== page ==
|Mark and me with N3343P. Photo by Joel.|
Mark and I have a lot in common. We both grew up in the metropolitan Detroit area, both hold advanced degrees in Chemistry with the same specialty, both work in the same industry (though never for the same company), we're both pilots, and as the photo above shows, we even have the same Alton Bay Ice Runway hats. I knew of Mark before meeting him in person because one of his research papers is cited in my dissertation.
|Dave in the cockpit of his beloved Stearman at South Haven Regional Airport. Photo by Gary E on September 17, 2005.|
But our personal connection is through Dave, who inspired us both to fly. Mark one-upped me in that regard; he bought Dave's first airplane, the Citabria in which I had my first light aircraft ride, when Dave moved up to a Super Decathlon.
|Mark in 33P and Dave in 68W flying formation off Warrior 481's wing over South Haven, MI on July 30, 2005. Photo by Jonathon W.|
Mark and I have been trying to reconnect for the better part of a year and finally met for breakfast at Cherry Ridge.
"Remember That Time...?"
|Date||Aircraft||Route of Flight||Time (hrs)||Total (hrs)|
|17 Feb 2020||N21481||SDC (Sodus, NY) - N30 (Honesdale, PA) - SDC||3.0||2084.3|
Though excited about visiting with Mark, my memory of the day will probably be overshadowed by circumstance and I suspect that I will always recall it as "that time I flew a three hour cross country with an injured wrist."
That morning, I gave the flight a 50/50 chance of actually happening. Though the sky over Cherry Ridge was predicted to be clear, most of western New York was under a low overcast. I had no desire to fly across the state at 2,000 feet, especially toward the higher terrain to the south. However, I could see a few holes in the deck and expected that the lakeshore might actually be clear, so I readied the Warrior for flight to investigate my options.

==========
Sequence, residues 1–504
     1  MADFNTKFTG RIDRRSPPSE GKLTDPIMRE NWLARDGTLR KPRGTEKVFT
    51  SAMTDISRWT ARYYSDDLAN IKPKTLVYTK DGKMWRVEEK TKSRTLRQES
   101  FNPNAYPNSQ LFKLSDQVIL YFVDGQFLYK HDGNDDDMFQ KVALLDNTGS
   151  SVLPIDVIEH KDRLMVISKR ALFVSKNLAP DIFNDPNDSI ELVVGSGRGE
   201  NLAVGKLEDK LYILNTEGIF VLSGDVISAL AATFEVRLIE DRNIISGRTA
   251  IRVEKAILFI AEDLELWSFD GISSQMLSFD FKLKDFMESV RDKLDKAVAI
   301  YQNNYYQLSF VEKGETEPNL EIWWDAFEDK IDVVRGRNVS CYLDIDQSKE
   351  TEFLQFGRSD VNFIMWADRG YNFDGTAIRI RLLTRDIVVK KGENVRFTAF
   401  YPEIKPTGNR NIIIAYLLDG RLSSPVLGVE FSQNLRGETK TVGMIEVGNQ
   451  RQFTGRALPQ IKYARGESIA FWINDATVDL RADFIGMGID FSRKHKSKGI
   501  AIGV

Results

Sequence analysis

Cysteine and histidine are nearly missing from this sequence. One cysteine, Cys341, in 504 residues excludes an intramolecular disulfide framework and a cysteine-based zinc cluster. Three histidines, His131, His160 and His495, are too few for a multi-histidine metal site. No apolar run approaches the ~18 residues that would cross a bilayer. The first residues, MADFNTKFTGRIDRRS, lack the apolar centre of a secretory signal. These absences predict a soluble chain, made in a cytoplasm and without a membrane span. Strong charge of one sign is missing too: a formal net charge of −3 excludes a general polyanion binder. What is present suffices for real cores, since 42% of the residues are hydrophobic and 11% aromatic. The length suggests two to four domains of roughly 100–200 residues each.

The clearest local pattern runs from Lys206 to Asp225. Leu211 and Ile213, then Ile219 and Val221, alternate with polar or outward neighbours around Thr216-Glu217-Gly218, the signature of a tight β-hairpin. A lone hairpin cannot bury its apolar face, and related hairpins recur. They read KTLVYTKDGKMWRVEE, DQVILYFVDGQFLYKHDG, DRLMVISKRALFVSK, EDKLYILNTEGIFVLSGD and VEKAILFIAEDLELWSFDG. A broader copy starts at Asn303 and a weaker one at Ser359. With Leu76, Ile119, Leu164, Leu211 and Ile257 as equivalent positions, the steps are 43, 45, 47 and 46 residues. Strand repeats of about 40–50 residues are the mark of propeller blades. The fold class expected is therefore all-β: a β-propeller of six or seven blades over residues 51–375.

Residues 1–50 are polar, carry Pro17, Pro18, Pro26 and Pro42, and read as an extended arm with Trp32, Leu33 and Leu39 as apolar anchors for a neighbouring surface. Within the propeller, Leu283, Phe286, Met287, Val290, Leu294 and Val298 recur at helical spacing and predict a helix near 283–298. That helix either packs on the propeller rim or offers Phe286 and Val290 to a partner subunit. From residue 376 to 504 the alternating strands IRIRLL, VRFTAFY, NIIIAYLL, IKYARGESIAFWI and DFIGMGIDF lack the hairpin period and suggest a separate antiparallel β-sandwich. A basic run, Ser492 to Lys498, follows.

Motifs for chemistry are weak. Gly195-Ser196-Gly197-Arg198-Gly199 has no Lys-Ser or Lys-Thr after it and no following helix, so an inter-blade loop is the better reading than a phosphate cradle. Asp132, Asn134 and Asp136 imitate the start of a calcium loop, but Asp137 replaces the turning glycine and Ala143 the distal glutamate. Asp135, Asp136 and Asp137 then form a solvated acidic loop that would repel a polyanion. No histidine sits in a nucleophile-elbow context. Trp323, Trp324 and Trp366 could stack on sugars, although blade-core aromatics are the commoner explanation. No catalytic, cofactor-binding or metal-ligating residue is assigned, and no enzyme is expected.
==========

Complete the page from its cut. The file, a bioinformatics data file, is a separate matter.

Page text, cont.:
I admit that I was rushing because I was running late. As a result, when I walked around the wingtip and encountered some black ice, my legs went right out from under me. In an instant, I was staring up at the bottom of my wing. I landed on my left shoulder, left hand, and judging by the bruise I found a couple of days later, my head. I climbed back to my feet and assessed my condition. For the most part, I felt fine. There was some mild pain in my hand, but that was all. A few minutes later, I was motoring skyward. The ice-cold of the Warrior's cast aluminum yoke felt good on my injured hand and I could detect no impairment in my ability to manipulate the controls.
Aloft, I could see that the ceiling cleared over Lake Ontario, but that I would need to fly halfway across the lake into Canadian airspace to fly around the edge. That was a no go. After hunting for a couple of minutes, I found what was probably the only hole big enough to safely admit me VFR to my desired cruise altitude. I could have filed IFR, but was not enamored with climbing through clouds along the south shore of Lake Ontario in a region covered by an icing AIRMET. As a result, VFR definitely seemed like the way to go and I climbed through the large hole without any ice-inducing tendrils of vapor contacting my aircraft.
At 7,500 feet, a tailwind compensated for my tardiness. I averaged 152 knots over the ground in cruise, which allowed me to arrive at Cherry Ridge right at the appointed 9:00 meeting time.